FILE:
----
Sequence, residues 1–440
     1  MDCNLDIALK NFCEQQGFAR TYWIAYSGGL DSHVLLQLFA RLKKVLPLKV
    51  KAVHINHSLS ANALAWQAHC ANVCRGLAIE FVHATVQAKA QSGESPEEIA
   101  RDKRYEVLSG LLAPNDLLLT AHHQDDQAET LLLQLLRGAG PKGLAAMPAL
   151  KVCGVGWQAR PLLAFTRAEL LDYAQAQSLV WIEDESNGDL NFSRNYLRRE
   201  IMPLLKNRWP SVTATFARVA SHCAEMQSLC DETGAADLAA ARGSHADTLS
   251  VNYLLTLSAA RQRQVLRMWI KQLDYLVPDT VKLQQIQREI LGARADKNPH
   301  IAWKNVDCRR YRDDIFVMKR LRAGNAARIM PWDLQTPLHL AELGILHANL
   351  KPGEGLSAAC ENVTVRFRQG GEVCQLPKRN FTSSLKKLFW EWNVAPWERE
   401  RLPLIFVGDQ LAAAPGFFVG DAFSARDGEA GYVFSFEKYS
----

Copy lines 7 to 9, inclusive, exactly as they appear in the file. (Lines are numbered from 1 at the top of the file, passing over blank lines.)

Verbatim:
   251  VNYLLTLSAA RQRQVLRMWI KQLDYLVPDT VKLQQIQREI LGARADKNPH
   301  IAWKNVDCRR YRDDIFVMKR LRAGNAARIM PWDLQTPLHL AELGILHANL
   351  KPGEGLSAAC ENVTVRFRQG GEVCQLPKRN FTSSLKKLFW EWNVAPWERE